Thursday, October 18, 2012

Woman's face infected, disfigured following medi-spa visit

Woman's face infected, disfigured following medi-spa visit

Yet another example of why it's essential for patients to visit board-certified plastic surgeons for all cosmetic procedures has emerged, this time out of Florida. CNN tells the story of Isabel Gonzalez, who spent a month in the hospital after receiving bad facial injections from an unlicensed employee at Viviana's Body Secrets Spa.

Gonzalez originally went to the spa to receive something known as vitamin injections, which she believed would give her a more youthful appearance. But after noticing no changes, she went back, and was treated by the owner of the spa. The victim says she was injected with a thick substance, and soon after, her face began to swell. She contracted an infection, at which point the owner of the spa took her to a doctor to have the wounds drained.
Despite the doctor's efforts, her face remained so swollen that her eyes were barely visible, and the infection grew worse. She checked herself into a different medical facility early last month.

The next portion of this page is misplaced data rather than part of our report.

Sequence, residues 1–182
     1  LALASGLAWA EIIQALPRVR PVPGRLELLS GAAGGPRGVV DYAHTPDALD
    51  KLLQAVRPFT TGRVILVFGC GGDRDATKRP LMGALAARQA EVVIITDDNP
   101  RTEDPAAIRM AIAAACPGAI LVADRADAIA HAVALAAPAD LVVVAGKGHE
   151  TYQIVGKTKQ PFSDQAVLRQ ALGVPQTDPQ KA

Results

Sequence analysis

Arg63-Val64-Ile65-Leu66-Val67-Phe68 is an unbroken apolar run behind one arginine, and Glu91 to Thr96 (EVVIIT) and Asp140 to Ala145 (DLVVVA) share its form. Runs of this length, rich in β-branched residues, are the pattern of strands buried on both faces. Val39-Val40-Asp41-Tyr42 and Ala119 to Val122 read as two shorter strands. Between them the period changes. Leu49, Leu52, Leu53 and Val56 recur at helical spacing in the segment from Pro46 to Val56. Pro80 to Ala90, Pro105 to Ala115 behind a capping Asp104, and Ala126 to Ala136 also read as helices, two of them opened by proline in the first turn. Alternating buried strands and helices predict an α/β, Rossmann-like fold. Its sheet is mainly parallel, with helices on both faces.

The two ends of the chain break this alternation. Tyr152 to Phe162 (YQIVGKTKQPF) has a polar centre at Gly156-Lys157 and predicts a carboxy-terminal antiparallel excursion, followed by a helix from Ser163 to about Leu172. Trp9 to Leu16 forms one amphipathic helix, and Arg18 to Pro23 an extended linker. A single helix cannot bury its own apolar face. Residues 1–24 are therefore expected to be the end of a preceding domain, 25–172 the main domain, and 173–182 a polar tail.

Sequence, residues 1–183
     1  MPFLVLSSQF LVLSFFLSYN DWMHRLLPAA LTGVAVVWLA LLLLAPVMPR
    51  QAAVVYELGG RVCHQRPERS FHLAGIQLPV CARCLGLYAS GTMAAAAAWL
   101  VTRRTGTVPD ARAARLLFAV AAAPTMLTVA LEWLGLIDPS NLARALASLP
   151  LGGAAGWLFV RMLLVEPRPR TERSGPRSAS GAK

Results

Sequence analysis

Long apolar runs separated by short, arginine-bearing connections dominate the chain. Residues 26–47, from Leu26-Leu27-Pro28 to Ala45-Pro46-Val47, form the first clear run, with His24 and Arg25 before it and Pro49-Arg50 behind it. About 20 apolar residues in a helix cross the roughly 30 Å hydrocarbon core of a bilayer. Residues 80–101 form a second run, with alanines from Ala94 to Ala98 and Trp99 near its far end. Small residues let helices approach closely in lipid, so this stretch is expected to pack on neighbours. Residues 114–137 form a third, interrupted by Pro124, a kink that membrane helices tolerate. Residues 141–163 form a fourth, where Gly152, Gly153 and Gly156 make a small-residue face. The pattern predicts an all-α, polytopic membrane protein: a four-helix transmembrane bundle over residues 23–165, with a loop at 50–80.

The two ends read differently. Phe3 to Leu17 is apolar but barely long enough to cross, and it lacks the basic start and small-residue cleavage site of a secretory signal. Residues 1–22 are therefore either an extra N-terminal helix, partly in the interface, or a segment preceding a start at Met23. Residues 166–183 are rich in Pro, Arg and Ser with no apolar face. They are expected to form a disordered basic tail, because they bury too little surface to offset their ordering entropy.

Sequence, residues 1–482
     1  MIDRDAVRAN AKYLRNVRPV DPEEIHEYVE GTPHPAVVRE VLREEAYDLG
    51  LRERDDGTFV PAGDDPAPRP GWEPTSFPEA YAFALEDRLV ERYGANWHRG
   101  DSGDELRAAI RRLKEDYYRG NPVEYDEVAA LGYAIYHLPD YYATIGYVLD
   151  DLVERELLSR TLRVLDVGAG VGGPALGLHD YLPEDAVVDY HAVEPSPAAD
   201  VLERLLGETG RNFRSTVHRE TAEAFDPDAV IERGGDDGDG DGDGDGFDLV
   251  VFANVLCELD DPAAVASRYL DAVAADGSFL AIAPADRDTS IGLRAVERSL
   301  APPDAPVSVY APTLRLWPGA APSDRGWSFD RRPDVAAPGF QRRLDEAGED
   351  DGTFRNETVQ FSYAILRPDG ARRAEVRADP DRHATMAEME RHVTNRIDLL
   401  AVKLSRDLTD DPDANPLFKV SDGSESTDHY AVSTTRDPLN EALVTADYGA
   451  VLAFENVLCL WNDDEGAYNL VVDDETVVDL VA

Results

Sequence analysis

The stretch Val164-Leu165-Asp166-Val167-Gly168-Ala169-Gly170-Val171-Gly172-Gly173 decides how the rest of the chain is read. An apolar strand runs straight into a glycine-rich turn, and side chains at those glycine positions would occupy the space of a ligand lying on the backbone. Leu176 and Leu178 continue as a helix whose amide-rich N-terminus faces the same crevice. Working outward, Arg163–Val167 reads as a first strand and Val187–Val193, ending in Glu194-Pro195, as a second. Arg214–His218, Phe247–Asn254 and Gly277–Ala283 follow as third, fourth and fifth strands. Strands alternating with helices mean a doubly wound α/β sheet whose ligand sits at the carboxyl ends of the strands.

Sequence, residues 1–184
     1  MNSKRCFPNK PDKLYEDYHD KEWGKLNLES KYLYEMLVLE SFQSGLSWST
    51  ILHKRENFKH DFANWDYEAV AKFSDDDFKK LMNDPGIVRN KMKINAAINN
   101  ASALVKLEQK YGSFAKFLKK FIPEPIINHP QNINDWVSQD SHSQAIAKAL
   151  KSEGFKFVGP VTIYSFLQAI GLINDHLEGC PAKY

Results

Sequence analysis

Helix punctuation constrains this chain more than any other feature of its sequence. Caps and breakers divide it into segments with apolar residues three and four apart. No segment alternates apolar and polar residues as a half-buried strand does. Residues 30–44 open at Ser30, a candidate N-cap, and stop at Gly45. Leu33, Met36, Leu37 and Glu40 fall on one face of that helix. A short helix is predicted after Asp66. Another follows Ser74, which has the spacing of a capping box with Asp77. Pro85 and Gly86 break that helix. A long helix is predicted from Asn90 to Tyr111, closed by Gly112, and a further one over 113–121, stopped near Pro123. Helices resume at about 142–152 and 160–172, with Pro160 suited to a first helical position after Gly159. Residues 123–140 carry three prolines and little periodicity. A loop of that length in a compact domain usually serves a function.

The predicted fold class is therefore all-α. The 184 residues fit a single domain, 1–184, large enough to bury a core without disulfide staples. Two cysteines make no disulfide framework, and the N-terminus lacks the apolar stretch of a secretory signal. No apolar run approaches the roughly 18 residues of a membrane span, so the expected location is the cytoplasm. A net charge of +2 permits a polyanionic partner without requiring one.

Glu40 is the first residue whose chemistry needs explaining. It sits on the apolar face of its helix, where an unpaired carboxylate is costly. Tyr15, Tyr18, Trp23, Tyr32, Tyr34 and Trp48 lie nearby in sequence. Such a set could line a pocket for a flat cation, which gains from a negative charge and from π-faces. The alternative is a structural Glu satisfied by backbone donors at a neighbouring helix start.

"I told my mother, 'Please take care of my children. I don't think I'm gonna live,'" the victim told the news source.

Five surgeries later, Gonzelz's face is still scarred and swollen. She's now suing the spa owner, who has been arrested and is facing charges of practicing without a license and battery, the news source reports. Her spa has also been shut down.

According to the Physicians Coalition for Injectable Safety, patients who are considering getting cosmetic injections should be certain that the person performing the procedure is a plastic surgeon, dermatologist, or some other type of certified, licensed physician. Those seeking such a procedure should never hesitate to ask about qualifications and experience.

Friday, October 12, 2012

Interference: Botox may block some of the symptom-causing chemicals released by nerve endings in the nose

Relief: Applying a Botox gel to the nose could hopefully relieve hay fever symptoms such as sneezing and a runny nose for up to three months

Gel is applied to the nose and will penetrate the skin

It's hoped the toxin will block chemicals released by the body that cause annoying symptoms

It has been used to treat a host of ailments from migraines to incontinence - and that's on top of it being the world's most famous wrinkle-buster.

Now Australian scientists are to trial Botox to treat hay fever after early tests showed promising results.

Under the trial, a Botox gel will be applied to the nose to hopefully give hay fever sufferers relief from sneezing, itchy eyes and runny noses for up to three months.